As Bob plans another wedding, family drama threatens to derail his double lives

By Darren Franich
Updated July 30, 2020 at 05:33 PM EDT
Lone Star Josh
Credit: Bill Matlock/Fox
S1 E2
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If Lone Star had never actually been greenlit, the pilot would still have become historic. It would’ve been taught in screenwriting courses, and developed a “What could have been?” cult of imagination, Heat Vision And Jack-style. But last night was Lone Star‘s second episode, and second episodes are hard. Especially if the show is trying to do something unique. (Remember: after the monumental two-hour premiere, Lost had a Kate episode. And not even one of the good Kate episodes.) There’s already a burgeoning show-cult around Lone Star, but after a series premiere that handily mashed together the classical American Dream with modern man’s search for identity, plus lots of family politicking and oodles of broadcast-TV sex, could a second episode possibly measure up?

Short answer: No. Long answer: Last night’s episode wasn’t as masterfully paced as the premiere, but it still brought us deeper into the hot-blooded, semi-mythic world of Bob/Robert Allen, his beloved daddy, and his two sets of in-laws. More importantly, it kept things dangerous. The episode started with Bob/Robert walking hand-in-hand with his new(est) wife, Lindsay. Lindsay ducked into the bathroom. A man recognized Bob, called him “Frank Colson,” and exclaimed that he was owed $25,000. A scuffle followed. This was not the smoothly paced double-life that Bob is used to. The set-up screamed soapy awkwardness – did Lindsay really have to be in the bathroom for the exact right amount of time to not hear anything? – but the implication was clear: Danger is all around Bob. The world is constantly threatening to close in on him.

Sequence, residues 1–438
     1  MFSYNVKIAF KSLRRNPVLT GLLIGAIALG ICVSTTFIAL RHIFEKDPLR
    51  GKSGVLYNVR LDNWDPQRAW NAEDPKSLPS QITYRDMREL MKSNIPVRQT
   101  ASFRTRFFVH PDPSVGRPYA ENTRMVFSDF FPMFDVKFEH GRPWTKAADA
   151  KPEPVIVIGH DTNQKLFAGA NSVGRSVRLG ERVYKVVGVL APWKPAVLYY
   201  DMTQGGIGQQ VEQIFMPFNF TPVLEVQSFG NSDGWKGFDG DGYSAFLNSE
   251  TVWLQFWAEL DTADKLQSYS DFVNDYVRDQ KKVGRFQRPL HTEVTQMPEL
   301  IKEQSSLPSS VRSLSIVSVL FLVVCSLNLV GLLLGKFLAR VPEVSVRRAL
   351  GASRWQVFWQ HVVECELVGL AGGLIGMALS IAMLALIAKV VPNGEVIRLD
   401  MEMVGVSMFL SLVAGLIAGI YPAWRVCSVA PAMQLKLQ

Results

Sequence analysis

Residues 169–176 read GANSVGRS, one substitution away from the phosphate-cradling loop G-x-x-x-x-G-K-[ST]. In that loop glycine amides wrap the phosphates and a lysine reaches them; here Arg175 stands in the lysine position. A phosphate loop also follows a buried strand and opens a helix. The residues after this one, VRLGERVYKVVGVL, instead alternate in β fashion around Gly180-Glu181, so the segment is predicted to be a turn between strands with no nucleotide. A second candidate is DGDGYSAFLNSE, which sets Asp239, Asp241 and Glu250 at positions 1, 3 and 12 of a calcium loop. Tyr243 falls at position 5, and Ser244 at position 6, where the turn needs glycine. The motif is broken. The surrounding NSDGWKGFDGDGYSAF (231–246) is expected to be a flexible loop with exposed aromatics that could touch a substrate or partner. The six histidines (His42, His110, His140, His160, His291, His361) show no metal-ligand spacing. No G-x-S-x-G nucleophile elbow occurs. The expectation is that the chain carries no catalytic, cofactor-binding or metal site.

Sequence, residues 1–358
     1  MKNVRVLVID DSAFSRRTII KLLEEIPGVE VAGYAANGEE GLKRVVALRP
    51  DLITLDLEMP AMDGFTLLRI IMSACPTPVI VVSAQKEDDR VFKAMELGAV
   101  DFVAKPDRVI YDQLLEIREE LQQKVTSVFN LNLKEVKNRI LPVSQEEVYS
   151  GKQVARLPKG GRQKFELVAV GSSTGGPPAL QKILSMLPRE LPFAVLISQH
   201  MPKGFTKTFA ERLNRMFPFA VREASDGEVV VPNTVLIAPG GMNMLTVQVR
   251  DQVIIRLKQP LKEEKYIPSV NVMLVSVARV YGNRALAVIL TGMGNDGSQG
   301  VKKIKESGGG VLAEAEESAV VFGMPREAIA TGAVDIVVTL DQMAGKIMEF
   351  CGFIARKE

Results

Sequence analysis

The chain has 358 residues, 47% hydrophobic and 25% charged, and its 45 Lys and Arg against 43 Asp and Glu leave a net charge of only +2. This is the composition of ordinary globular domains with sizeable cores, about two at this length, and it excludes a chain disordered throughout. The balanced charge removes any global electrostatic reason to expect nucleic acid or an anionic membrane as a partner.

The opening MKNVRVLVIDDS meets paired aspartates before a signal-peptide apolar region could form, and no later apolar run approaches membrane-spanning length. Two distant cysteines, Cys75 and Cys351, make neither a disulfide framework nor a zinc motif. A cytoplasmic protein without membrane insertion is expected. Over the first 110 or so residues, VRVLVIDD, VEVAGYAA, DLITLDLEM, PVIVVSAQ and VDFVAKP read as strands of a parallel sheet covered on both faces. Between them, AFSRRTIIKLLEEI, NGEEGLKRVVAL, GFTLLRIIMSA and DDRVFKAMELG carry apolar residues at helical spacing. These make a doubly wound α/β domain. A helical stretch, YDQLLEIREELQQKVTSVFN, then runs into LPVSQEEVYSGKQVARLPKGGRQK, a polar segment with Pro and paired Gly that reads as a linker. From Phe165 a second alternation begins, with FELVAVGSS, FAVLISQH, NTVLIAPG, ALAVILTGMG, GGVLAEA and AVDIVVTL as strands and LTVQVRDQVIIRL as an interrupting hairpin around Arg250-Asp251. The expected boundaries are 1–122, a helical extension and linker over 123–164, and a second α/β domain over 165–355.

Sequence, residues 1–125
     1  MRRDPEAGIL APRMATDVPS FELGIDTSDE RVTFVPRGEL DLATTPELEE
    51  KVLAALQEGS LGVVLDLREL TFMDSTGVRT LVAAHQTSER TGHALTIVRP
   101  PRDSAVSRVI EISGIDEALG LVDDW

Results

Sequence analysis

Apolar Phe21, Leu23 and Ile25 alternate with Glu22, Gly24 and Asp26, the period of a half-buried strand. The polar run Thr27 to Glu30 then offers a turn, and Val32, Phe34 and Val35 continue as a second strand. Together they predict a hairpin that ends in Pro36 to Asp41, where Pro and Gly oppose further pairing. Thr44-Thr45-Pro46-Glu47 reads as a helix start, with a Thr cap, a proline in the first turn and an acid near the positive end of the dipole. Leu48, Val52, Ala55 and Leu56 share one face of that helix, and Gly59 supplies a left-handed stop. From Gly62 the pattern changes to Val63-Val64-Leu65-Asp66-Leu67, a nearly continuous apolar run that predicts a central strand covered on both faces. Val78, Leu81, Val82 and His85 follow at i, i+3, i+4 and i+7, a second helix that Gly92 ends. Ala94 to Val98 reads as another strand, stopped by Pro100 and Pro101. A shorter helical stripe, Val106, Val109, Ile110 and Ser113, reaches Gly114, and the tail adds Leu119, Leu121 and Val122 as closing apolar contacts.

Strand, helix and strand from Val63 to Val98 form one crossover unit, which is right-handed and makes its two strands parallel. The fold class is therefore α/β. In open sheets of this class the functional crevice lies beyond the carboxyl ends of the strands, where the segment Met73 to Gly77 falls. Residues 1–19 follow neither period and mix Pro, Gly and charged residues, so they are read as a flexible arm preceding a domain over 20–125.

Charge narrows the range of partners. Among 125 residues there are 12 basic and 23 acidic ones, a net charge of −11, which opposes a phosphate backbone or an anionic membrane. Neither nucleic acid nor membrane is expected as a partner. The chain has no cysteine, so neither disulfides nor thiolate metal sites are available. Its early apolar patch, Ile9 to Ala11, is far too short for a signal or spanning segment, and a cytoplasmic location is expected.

Cue the limo sex! Cue also an angry tirade from Lindsay’s Sabrina mom, who can’t believe she missed her daughter’s wedding. Lindsay doesn’t care about eloping, though: as she told Bob, she liked their fast-paced wedding. “We live like we’ve got a plane to catch,” she said. Nominally, this should be exactly what Bob should want to hear. (Roughly translated in Con-speak: “Mysterious Husband, I have adjusted myself utterly to your barely explained absences!”) But Bob wants more for his new wife. He wants her to have the best day of her life. He wants her to feel like a queen. He wants her to be feel as happy as his other wife did on her wedding day.

The way Lone Star crosscut between those two scenes – Bob in bed with one wife, and Bob watching his wedding video with another wife – was darkly funny. It also reminded me of something: Bob is not a good guy. He believes frantically in the possibility of creating something true out of a foundation of lies, which sounds crazy but is more or less how every great American institution came to pass. (Read Robert Caro’s The Years of Lyndon Johnson if you have a couple years to spare. Possibly subtitle for the series: “How everything great about 20th century America was invented by bad people in Texas.”) He seems to make everyone around him incredibly happy. But he basically betrays everyone around him, all of the time.

NEXT: The exception to the rule.

Except his dad. In some was, this episode belonged to Papa John. Bob is a blank, a person bred from birth to have no real identity. John is the opposite. Decades of larceny color his face. He walks at his own pace. There was a great con-montage (if Lone Star lasts very long, I imagine we’re going to get a lot of con-montages) that just showed him selling lots of people the same bill of goods. In a neat visual joke, his red jacket matched the color of the booths in the restaurant. To get really heavy for a second, Bob is a non-person trying to be seen – “I’m a real boy!” – and John is a true personality in the constant act of fading from sight.